Subject: I have found a CD that I think you would enjoy
Ferdinand Hérold's 1828 score for "La Fille Mal Gardée" as A
MrLopez2681 | USA | 12/02/2005
(5 out of 5 stars)
"**THIS RECORDING WAS RE-RELEASED BY DECCA IN 2007.
This is the only complete recording of Ferdinand Hérold's score for "La Fille Mal Gardée" as adapted by John Lanchbery for Sir Frederick Ashton's 1960 revival for the Royal Ballet. It includes Bonynge's recording of the ballet "Mam'zelle Angot", Leonid Massine's ballet version of Charles Lecocq's opera "La fille de Madame Angot".
The performance history of "La Fille Mal Gardée" is incrediblty rich and complex. The journey this ballet has taken from its original 1789 inception to Ashton's 1960 revival is quite a tale, and I shall not bore the reader with it. Should one be interested in it, however, see my article on wikipedia.
In recent years Ashton's staging of "La Fille Mal Gardée" has become the premiere version that many ballet companies throughout the world have added to their repertories, but for many years nearly every production of "La Fille Mal Gardée" performed by ballet companies throughout the world was based on Alexander Gorsky's revival of the 1885 Petipa/Ivanov staging set to the music of Peter Ludwig Hertel. This version was itself a revival of Paul Taglioni's version staged in Berlin in 1864. It is from the Petipa/Ivanov staging that the so-called "La Fille Mal Gardée pas de deux" is derived, the choreography being a Soviet-era rendition of Gorsky's version of it.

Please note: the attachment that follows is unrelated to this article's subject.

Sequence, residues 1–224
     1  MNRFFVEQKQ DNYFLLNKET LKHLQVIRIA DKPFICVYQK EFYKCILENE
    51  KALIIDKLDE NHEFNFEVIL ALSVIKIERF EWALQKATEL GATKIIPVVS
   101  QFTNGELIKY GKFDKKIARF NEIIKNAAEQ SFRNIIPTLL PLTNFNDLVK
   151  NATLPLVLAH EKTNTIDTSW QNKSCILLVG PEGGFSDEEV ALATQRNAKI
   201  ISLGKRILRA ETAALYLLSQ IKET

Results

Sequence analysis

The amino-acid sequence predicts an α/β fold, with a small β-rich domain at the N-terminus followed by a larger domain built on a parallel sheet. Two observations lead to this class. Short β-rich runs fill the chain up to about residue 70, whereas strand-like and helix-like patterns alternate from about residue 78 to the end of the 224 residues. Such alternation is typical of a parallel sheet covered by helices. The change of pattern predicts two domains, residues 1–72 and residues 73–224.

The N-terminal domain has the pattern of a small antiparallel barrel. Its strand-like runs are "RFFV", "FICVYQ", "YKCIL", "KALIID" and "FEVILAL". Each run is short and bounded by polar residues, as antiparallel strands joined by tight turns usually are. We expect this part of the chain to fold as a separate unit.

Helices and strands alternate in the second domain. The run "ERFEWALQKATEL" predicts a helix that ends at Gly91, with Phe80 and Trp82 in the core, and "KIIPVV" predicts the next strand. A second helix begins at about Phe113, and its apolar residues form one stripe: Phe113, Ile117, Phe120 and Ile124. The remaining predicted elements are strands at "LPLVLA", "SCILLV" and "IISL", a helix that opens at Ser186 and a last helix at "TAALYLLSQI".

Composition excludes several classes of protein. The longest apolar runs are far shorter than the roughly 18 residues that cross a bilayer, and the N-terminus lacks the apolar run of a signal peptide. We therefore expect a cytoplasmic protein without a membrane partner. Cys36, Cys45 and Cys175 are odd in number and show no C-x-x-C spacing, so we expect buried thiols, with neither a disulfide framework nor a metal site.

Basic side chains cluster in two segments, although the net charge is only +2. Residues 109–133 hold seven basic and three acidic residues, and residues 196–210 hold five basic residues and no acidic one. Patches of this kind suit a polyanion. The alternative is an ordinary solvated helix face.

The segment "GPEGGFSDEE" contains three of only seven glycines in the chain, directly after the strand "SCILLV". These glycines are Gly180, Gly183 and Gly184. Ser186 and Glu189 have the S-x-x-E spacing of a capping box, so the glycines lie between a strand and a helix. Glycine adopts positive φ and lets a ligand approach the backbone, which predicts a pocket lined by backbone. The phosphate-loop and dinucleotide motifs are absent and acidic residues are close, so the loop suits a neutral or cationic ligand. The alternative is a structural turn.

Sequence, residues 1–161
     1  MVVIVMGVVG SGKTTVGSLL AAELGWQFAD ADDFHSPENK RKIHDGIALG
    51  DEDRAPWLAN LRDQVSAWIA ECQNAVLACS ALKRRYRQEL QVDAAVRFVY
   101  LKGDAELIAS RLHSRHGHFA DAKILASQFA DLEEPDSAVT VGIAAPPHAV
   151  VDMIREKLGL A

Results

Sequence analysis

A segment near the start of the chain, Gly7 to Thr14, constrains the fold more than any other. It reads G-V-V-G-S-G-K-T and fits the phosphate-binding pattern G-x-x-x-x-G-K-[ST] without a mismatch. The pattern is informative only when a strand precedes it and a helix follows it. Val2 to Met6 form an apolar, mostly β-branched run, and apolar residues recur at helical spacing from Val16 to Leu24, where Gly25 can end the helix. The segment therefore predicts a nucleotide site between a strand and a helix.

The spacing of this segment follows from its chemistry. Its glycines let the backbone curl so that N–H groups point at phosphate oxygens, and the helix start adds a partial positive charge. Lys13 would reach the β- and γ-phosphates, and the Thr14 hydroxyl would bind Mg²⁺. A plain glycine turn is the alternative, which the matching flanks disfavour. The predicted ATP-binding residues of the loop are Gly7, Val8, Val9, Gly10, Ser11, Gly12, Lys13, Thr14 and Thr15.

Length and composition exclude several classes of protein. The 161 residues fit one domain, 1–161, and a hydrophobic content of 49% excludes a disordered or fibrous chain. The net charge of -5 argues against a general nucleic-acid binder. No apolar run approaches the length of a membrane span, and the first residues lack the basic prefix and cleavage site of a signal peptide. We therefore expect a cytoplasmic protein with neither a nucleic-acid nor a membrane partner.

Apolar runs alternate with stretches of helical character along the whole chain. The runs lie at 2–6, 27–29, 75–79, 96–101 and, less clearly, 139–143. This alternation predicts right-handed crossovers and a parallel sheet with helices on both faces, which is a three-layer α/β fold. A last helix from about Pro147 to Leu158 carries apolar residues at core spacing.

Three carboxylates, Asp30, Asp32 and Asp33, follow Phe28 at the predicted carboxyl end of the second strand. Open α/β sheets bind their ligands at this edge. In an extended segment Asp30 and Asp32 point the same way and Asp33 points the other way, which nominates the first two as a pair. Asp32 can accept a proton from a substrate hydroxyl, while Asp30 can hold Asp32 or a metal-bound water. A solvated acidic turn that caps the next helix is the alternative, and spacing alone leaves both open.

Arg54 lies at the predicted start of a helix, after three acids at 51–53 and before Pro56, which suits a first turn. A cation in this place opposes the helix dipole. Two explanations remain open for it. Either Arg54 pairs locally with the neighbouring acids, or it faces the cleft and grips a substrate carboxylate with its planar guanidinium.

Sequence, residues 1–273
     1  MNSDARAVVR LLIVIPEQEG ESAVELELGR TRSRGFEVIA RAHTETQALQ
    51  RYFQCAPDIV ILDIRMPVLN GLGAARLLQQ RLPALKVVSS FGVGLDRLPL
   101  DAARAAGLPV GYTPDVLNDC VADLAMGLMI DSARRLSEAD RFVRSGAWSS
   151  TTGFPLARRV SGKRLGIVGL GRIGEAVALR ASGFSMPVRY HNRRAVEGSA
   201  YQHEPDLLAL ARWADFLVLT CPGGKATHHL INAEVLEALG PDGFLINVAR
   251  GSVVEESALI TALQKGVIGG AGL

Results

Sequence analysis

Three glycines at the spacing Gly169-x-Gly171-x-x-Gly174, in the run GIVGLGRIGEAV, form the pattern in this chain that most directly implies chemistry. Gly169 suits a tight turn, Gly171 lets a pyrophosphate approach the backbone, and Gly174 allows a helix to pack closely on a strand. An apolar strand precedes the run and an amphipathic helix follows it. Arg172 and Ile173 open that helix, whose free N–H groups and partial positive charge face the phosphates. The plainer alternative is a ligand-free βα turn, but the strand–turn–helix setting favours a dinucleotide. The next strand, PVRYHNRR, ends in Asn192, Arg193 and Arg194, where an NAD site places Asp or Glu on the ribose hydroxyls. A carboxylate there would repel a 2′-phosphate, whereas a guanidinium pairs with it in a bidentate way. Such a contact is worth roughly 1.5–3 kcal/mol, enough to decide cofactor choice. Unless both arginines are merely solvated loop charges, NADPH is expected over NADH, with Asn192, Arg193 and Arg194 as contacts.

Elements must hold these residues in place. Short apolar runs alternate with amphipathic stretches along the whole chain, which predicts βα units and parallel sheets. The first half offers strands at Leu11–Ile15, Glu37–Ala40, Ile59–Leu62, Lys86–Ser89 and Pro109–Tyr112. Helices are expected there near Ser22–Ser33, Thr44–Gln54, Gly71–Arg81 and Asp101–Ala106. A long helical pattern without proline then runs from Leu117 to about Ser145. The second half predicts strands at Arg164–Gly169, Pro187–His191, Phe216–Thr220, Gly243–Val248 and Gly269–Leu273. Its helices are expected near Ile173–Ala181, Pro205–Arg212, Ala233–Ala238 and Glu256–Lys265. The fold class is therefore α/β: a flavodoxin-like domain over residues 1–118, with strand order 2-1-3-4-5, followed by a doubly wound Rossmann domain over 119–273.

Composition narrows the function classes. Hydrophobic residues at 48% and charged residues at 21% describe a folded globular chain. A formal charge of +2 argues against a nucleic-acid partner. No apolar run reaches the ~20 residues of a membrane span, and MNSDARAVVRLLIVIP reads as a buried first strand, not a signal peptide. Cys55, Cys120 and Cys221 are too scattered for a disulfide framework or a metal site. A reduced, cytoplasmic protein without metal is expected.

"La Fille Mal Gardée", which was created in 1789 by the choregrapher Jean Dauberval for the Grand Théâtre de Bordeaux, was originally staged to a pastiche of 55 popular french airs compiled by an unknown hand. The ballet was revived for the ballerina Pauline Montessu at the Paris Opéra in 1828 by the Ballet Master Jean Pierre Aumer. For this revival Aumer employed the composer Ferdinand Hérold to create a "new" version of the score based on the 1789 pastiche, and it is this version of the music that served as a foundation of sorts for Lanchbery's adaptation recorded here. Aside from accessing the 1828 version of the music, Lanchbery, with the help of the musicologist and ballet historian Ivor Guest, utilized the original 1789 pastiche as another piece in the foundation for the score offered here.
When Sir Frederick Ashton decided to stage a completely new version of "La Fille Mal Gardée" for the Royal Ballet in 1959, he originally intended to utilize the 1864 score of Hertel. Both he and Lanchbery found Hertel's score to be entirely to heavy-handed for thier intended production. Ashton was rather dissapointed that neither score contained suitable 'Classical Grand Pas' of any kind, but fortunately Ivor Guest accidently re-discovered the long lost 'Fanny Elssler Pas de Deux', which was preserved in a violin reduction, long ago tucked away in an old dusty box of music in teh archives of the Paris Opéra. All of this music proved to be far more suitable, fitting Ashton's itentions perfectly.